Read CHAPTER VII - INTRODUCING MR. REX HOLLAND of The Man Who Knew , free online book, by Edgar Wallace, on

Mr. Rex Holland stepped out of his new car, and, standing back a pace, surveyed his recent acquisition with a dispassionate eye.

“I think she will do, Feltham,” he said.

The chauffeur touched his cap and grinned broadly.

“She did it in thirty-eight minutes, sir; not bad for a twenty-mile run ­half of it through London.”

“Not bad,” agreed Mr. Holland, slowly stripping his gloves.

The car was drawn up at the entrance to the country cottage which a lavish expenditure of money had converted into a bijou palace.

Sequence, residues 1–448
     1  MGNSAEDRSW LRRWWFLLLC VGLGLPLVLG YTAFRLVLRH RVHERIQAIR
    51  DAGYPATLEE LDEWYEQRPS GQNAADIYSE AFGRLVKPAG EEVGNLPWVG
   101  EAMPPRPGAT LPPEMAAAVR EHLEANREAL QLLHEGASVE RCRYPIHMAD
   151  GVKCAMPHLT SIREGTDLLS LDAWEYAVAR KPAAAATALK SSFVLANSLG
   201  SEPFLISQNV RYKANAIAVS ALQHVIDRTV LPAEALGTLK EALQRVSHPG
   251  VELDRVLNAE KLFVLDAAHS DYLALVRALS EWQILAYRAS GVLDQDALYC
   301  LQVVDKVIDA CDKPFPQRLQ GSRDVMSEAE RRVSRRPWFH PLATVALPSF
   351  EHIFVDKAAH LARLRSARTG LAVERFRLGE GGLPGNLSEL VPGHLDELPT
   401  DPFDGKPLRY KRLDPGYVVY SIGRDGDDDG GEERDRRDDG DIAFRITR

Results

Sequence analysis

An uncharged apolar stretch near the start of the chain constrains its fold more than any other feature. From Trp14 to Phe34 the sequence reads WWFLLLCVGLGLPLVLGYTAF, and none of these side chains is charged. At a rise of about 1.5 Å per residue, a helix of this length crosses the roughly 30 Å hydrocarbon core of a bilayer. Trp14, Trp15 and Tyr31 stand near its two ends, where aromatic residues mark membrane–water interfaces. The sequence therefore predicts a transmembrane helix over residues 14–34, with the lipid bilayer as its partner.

He still lingered, and the chauffeur, feeling that some encouragement to conversation was called for, ventured the view that a car ought to be a good one if one spent eight hundred pounds on it.

“Everything that is good costs money,” said Mr. Rex Holland sententiously, and then continued:  “Correct me if I am mistaken, but as we came through Putney did I not see you nod to the driver of another car?”

“Yes, sir.”

“When I engaged you,” Mr. Holland went on in his even voice, “you told me that you had just arrived from Australia and knew nobody in England; I think my advertisement made it clear that I wanted a man who fulfilled these conditions?”

“Quite right, sir.  I was as much surprised as you; the driver of that car was a fellow who traveled over to the old country on the same boat as me.  It’s rather rum that he should have got the same kind of job.”

Mr. Holland smiled quietly.

“I hope his employer is not as eccentric as I and that he pays his servant on my scale.”

With this shot he unlocked and passed through the door of the cottage.